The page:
New information about adjuvant therapy to prevent recurrence of breast cancer in women 50 years of age or younger, or premenopausal, emerged today from the landmark Trial Assigning IndividuaLized Options for Treatment (Rx), or TAILORx.
An analysis of a pre-specified secondary endpoint in this largest-ever breast cancer treatment trial found that an assessment of a woman's recurrence risk based on classic clinical features--tumour size and histologic grade, adds prognostic information that is complementary to the 21-gene Recurrence Score (RS) test.
Integration of the RS with clinical risk may help identify more young women who may be spared chemotherapy than originally reported.
It may also help identify young women who stand to benefit from more effective anti-oestrogen therapy.
The analysis was published today in the New England Journal of Medicine and presented at the 2019 meeting of the American Society of Clinical Oncology in Chicago.
The new findings complement the original, definitive TAILORx conclusion reported last year, that 70 percent of women with the most common type of breast cancer; that is, hormone receptor (HR)-positive, HER2-negative, axillary lymph node-negative breast cancer, can forego chemotherapy when guided by the RS. The trial was supported by the National Cancer Institute, part of the National Institutes of Health, and designed and led by the ECOG-ACRIN Cancer Research Group.
"Last year's TAILORx results gave clinicians high-quality data to inform personalised treatment recommendations for women," said lead author Joseph A. Sparano, M.D., associate director for clinical research at the Albert Einstein Cancer Center and Montefiore Health System in New York City and vice chair of the ECOG-ACRIN Cancer Research Group.
"With this new analysis, it is clear that women ages 50 or younger with a Recurrence Score result between 16 and 20 and at low risk, clinically, do not need chemotherapy. Furthermore, the integration of the Recurrence Score with clinical risk information could identify premenopausal women with higher clinical risk who may benefit from ovarian function suppression and more aggressive anti-oestrogen therapy."
The objective of the pre-specified secondary analysis was to evaluate whether clinical risk provides additional prognostic or predictive information to the RS results. Of 9,427 women in TAILORx with a RS and clinical risk information, 70 percent were determined to be low clinical risk (LCR: tumour ?3 cm and low grade, ?2 cm and intermediate grade, or ?1 cm and high grade) and 30 percent were identified as high clinical risk (HCR: not meeting low clinical risk criteria).
While clinical risk provided additional prognostic information across all RS groups, disease free survival and distant recurrence free interval rates were similar with and without chemotherapy in the entire RS 11-25 group irrespective of clinical risk.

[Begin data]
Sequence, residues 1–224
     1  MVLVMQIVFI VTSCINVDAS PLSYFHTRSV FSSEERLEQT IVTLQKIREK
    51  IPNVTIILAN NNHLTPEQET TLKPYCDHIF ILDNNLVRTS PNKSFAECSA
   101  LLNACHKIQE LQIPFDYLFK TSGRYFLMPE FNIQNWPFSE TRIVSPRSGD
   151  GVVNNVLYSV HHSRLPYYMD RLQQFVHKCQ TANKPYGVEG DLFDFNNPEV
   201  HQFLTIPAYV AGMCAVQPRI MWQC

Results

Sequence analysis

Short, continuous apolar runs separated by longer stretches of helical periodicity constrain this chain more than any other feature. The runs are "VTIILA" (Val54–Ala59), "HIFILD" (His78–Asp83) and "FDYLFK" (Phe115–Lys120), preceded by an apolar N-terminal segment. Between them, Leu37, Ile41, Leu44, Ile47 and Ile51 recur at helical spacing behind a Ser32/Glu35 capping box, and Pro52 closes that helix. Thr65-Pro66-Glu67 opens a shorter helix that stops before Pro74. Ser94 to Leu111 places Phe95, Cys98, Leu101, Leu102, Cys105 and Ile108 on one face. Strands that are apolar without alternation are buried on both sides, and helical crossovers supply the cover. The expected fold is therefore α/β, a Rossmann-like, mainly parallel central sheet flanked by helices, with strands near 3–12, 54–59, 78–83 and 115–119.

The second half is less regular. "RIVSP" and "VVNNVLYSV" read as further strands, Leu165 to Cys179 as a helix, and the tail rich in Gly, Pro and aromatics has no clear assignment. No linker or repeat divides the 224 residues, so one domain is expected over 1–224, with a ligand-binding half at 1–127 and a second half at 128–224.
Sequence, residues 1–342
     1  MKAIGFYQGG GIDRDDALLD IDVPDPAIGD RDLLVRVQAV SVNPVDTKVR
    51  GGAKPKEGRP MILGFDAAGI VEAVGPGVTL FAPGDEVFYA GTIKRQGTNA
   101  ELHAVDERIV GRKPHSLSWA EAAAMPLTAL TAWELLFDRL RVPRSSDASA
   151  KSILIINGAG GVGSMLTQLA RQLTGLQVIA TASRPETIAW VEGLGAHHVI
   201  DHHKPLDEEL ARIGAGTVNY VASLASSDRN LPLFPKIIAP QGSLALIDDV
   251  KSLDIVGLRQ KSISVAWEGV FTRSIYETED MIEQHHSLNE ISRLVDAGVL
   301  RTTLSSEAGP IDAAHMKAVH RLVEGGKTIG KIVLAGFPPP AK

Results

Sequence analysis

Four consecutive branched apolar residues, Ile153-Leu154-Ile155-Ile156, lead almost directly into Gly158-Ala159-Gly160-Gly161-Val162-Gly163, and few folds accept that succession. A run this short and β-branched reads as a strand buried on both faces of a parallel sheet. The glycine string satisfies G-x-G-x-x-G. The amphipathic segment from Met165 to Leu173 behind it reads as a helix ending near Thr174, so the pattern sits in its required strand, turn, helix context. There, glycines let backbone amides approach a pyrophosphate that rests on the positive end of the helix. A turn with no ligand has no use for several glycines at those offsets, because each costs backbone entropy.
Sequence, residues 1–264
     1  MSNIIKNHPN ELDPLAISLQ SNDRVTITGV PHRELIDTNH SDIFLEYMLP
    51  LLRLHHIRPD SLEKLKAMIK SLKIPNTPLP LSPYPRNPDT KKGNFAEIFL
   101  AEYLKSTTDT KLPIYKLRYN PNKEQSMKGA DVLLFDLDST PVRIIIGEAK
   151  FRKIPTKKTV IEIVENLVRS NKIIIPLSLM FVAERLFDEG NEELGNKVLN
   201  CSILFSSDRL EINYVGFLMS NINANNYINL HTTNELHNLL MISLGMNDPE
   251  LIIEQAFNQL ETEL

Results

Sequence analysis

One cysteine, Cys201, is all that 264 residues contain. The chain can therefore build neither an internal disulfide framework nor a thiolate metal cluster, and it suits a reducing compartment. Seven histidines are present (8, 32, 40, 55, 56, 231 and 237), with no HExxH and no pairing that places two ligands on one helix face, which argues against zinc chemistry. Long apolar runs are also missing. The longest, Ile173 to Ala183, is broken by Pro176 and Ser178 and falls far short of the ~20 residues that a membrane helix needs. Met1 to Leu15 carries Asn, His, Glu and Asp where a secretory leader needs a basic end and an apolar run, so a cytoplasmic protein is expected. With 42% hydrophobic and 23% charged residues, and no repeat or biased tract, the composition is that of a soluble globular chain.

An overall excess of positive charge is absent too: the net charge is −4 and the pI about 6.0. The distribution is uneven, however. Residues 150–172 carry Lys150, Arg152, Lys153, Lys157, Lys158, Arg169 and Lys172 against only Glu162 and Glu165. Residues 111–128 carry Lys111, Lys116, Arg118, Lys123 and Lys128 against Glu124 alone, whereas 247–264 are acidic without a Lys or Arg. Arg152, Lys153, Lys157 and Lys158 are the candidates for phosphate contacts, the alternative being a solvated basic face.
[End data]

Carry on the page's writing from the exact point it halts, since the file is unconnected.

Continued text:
For the overall population, clinical risk alone was not predictive of chemotherapy benefit.
This was also true for the two-thirds of women who were over the age of 50.
For the remaining women aged 50 or younger, there was trend favouring chemotherapy irrespective of clinical risk, though not significant.
This finding is consistent with the treatment interaction originally reported, between age/menopausal status, RS, and chemotherapy benefit.
Researchers studied the association between age at diagnosis and chemotherapy benefit in the group of younger women (age 50 or less) in TAILORx with a RS of 16-25.
This group was of particular interest because they were part (14 percent) of the 30 percent of women in the original TAILORx findings for whom it was suggested that chemotherapy may be considered.
Researchers sought to determine whether integration of RS and clinical information would help define this group.
They found there was no benefit from chemotherapy for younger women (age 50 or less) with a RS of 16-20 and at low risk, clinically.
Researchers then explored the association between age at diagnosis and chemotherapy benefit in this group same, to determine if integration of RS and clinical risk could help identify premenopausal women who might stand to benefit from more effective anti-oestrogen therapy.
In the original TAILORx report, researchers noted that it was unclear if the modest chemotherapy benefit seen in this group was due to a cytotoxic effect in eradicating micrometastatic disease, a castration effect in inducing early menopause, or both.
Integration of RS and clinical risk found a benefit for women aged 46-50 years who were premenopausal but not postmenopausal, and a trend toward chemotherapy in women aged 41-45 years, but no benefit in women aged 40 years or under who are less likely to develop premature menopause from chemotherapy.
In addition, there was no consistent effect favouring chemotherapy in older women.
Taken together, these findings suggest that the chemotherapy benefit observed for the RS 16-25 group may be due to a castration effect associated with cytotoxic therapy.
Based on evidence from several prior studies, the 21-gene expression assay (Oncotype DX Breast Recurrence Score) is widely used to provide prognostic information about the risk of breast cancer recurrence within 10 years, and to predict which patients are most likely to derive a large benefit from chemotherapy.
The test is performed on a tumour biopsy sample.
Women with a low score (0-10) typically receive only hormone therapy and those with a high score (26-100) receive hormone therapy and chemotherapy.